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Cubs’ Marcus Stroman opens up about stall in extension talks: ‘I want to be here’

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SAN FRANCISCO – Marcus Stroman woke up Saturday morning to calls from fans on Twitter for the Cubs to extend him. 

These weren’t new. But his 6 ⅔ innings of limiting the Giants to two runs in the Cubs’ 3-2 win against the Giants on Friday reignited their fervor. 

So, under a Tweet highlighting a few impressive stats from this season, Stroman commented: “My agent and I made multiple attempts to engage them on an extension. Club wasn’t interested in exploring it now. Will see how it plays out! Love everything about the @Cubs organization!”

Stroman can opt out after this season, so his camp and the Cubs opened preliminary extension talks in the spring. But as the Aug. 1 trade deadline nears, and the Cubs hover near the bottom of the division standings, the team’s direction is expected to play a part in the club’s calculus. 

“There’s been nothing from their side, no offers, no talks really at all,” Stroman said. “That’s me putting it out there and being super honest. And now I’m back to work. I’m not going to really address it anymore moving forward.” 

President of baseball operations Jed Hoyer doesn’t comment on ongoing negotiations as a policy, which he reiterated earlier this week in Anaheim. 

“Obviously, he’s thrown great this year,” Hoyer said. “And our focus is ways to be consistent as a team and kind of claw our way back to the race.”

Since those comments, the Cubs haven’t done much clawing. They were swept by the Angels before Stroman’s performance Friday in San Francisco helped snap a four-game losing streak. 

There’s been plenty of speculation about whether the Cubs will trade Stroman at the deadline. His 2.42 ERA is the lowest of any Cub in his first 14 starts of a season since 2016, when Jake Arrieta (1.74) and Jon Lester (2.06) began the year in dominant fashion. And the better Stroman plays, the stronger the trade offers will be.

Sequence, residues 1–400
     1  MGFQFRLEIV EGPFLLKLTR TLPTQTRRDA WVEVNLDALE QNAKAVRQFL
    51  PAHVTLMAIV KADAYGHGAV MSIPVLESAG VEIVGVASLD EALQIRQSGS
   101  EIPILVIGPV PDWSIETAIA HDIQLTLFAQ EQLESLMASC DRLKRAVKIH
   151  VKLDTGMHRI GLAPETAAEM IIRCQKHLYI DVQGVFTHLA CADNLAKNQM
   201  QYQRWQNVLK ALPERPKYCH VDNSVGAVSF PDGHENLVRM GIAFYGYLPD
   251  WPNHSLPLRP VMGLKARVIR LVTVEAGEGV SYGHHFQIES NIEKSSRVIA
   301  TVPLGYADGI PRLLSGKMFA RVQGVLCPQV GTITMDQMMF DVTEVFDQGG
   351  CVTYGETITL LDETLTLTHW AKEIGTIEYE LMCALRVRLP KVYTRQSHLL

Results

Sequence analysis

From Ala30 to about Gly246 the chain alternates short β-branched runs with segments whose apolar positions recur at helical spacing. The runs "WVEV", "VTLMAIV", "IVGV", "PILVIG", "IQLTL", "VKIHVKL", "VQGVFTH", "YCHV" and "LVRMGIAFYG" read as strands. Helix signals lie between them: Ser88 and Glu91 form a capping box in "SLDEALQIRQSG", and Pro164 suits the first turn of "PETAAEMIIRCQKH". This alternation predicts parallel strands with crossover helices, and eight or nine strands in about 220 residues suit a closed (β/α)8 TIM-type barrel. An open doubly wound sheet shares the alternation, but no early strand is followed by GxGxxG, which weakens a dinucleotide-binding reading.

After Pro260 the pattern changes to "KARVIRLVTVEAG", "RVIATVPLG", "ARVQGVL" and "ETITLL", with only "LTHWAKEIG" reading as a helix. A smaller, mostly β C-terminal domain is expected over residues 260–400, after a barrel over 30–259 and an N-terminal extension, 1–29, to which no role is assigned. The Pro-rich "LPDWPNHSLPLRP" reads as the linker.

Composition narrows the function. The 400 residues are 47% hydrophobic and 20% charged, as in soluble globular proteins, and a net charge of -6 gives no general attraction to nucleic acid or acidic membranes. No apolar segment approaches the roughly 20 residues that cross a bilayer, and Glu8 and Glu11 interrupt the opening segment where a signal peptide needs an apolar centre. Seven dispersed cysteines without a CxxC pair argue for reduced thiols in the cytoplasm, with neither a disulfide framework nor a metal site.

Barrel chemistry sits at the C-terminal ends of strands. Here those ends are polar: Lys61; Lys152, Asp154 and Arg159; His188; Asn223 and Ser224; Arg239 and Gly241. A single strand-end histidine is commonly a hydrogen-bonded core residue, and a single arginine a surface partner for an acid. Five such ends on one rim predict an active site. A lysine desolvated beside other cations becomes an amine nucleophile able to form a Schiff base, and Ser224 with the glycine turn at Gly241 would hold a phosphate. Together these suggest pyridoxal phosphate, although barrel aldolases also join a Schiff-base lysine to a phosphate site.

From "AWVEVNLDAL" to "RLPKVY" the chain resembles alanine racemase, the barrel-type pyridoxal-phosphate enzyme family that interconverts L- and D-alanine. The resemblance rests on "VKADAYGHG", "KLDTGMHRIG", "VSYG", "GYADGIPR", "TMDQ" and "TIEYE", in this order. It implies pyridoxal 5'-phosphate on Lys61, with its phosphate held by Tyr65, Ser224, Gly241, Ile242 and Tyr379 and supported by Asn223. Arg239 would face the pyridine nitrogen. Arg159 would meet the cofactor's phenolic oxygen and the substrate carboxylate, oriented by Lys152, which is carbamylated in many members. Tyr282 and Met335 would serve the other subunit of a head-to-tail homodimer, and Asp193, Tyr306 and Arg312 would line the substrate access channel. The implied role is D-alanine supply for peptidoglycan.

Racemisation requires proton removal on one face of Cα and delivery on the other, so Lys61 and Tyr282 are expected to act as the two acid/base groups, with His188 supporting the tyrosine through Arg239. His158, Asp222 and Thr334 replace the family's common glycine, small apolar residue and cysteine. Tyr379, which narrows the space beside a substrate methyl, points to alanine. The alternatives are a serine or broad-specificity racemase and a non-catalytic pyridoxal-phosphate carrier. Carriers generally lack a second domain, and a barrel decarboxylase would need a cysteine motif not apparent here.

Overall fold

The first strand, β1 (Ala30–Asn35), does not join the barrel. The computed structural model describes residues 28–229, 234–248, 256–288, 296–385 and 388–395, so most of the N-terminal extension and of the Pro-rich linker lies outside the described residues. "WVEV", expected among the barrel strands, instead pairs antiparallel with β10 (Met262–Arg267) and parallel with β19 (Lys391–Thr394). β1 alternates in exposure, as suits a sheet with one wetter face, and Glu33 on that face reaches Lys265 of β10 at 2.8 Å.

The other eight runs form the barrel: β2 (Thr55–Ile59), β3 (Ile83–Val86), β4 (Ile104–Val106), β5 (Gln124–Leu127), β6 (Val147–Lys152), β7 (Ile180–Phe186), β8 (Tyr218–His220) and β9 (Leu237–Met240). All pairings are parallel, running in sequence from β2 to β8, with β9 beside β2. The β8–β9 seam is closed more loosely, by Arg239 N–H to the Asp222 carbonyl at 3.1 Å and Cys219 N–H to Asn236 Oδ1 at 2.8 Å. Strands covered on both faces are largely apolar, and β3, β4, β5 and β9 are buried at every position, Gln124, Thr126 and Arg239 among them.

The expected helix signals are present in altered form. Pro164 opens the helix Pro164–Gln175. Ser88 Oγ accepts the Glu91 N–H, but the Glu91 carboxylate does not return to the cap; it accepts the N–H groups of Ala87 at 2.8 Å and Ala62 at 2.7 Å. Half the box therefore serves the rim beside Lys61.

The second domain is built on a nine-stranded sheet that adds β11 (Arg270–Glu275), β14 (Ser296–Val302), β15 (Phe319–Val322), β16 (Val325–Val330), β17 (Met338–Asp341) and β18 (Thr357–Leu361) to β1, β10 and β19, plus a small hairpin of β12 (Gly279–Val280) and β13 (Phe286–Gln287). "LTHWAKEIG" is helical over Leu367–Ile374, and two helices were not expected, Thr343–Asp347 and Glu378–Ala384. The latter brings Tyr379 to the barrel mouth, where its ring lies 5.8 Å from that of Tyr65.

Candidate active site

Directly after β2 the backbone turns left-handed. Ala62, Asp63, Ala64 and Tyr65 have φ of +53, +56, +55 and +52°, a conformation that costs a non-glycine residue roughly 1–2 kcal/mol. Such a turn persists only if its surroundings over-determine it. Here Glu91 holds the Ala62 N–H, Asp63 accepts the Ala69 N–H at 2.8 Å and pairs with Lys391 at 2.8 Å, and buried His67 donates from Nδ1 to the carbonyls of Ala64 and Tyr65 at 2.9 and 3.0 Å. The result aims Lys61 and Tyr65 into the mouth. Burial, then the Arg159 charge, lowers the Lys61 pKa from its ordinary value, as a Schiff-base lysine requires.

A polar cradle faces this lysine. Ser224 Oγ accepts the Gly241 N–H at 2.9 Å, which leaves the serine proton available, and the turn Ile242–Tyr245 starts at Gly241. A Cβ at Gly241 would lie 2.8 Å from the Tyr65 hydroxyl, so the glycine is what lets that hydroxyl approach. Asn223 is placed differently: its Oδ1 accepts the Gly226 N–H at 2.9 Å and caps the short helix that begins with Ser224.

That’s the case even considering the structure of his contract. An opt out makes any contract harder to trade because it builds in some risk in the case of injury, for example, in the season before the opt out. Stroman is expected to test free agency after this season, assuming he doesn’t reach an extension. 

He’s bracing for what may come as the trade deadline draws closer.

“I know how narratives get created in media from the top down once it starts to creep towards the trade deadline and how they try to make it sound like players are unsignable or don’t want to be here,” he said, referring to leaks in MLB. “I want to be here more than anything. So I made that known. And there’s been no rebuttal from their side.” 

Stroman told the Sun-Times in a separate conversation that the Cubs have given him no indication of whether they’ll pick up negotiations closer to the trade deadline. He described it as “a lot of talking in circles.” 

The Cubs just so happened to be in San Francisco when all this came to a head. The Giants were the runners up when Stroman signed with the Cubs before the 2021-22 MLB lockout. And Stroman has continued to speak highly of the club since. 

After the game Friday, he reiterated his praise for Giants manager Gabe Kapler and president of baseball operations Farhan Zaidi. 

“All those guys are pretty incredible,” he said. “So nothing but love for the organization. I feel like they’re one of the more progressive organizations in the big leagues, and I like how they handle everything, not only on the field but off the field as well.” 

Similarly, the Giants, who threw a bullpen game on Saturday, could use starting pitching. And they’re not alone.



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